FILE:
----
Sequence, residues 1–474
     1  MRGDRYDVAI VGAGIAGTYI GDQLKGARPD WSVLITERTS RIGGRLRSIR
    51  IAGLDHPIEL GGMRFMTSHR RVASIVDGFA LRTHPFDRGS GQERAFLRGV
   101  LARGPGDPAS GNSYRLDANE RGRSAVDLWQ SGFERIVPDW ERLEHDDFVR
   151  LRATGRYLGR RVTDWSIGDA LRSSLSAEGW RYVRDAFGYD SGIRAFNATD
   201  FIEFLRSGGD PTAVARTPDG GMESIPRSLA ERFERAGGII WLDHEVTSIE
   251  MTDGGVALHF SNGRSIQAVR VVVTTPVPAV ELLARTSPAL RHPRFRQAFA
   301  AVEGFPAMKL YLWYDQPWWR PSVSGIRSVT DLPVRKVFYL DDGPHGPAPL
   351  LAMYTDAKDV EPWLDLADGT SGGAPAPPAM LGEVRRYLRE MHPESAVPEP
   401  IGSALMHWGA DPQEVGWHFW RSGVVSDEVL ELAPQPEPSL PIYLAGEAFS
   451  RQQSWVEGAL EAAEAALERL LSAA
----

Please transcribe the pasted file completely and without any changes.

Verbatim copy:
Sequence, residues 1–474
     1  MRGDRYDVAI VGAGIAGTYI GDQLKGARPD WSVLITERTS RIGGRLRSIR
    51  IAGLDHPIEL GGMRFMTSHR RVASIVDGFA LRTHPFDRGS GQERAFLRGV
   101  LARGPGDPAS GNSYRLDANE RGRSAVDLWQ SGFERIVPDW ERLEHDDFVR
   151  LRATGRYLGR RVTDWSIGDA LRSSLSAEGW RYVRDAFGYD SGIRAFNATD
   201  FIEFLRSGGD PTAVARTPDG GMESIPRSLA ERFERAGGII WLDHEVTSIE
   251  MTDGGVALHF SNGRSIQAVR VVVTTPVPAV ELLARTSPAL RHPRFRQAFA
   301  AVEGFPAMKL YLWYDQPWWR PSVSGIRSVT DLPVRKVFYL DDGPHGPAPL
   351  LAMYTDAKDV EPWLDLADGT SGGAPAPPAM LGEVRRYLRE MHPESAVPEP
   401  IGSALMHWGA DPQEVGWHFW RSGVVSDEVL ELAPQPEPSL PIYLAGEAFS
   451  RQQSWVEGAL EAAEAALERL LSAA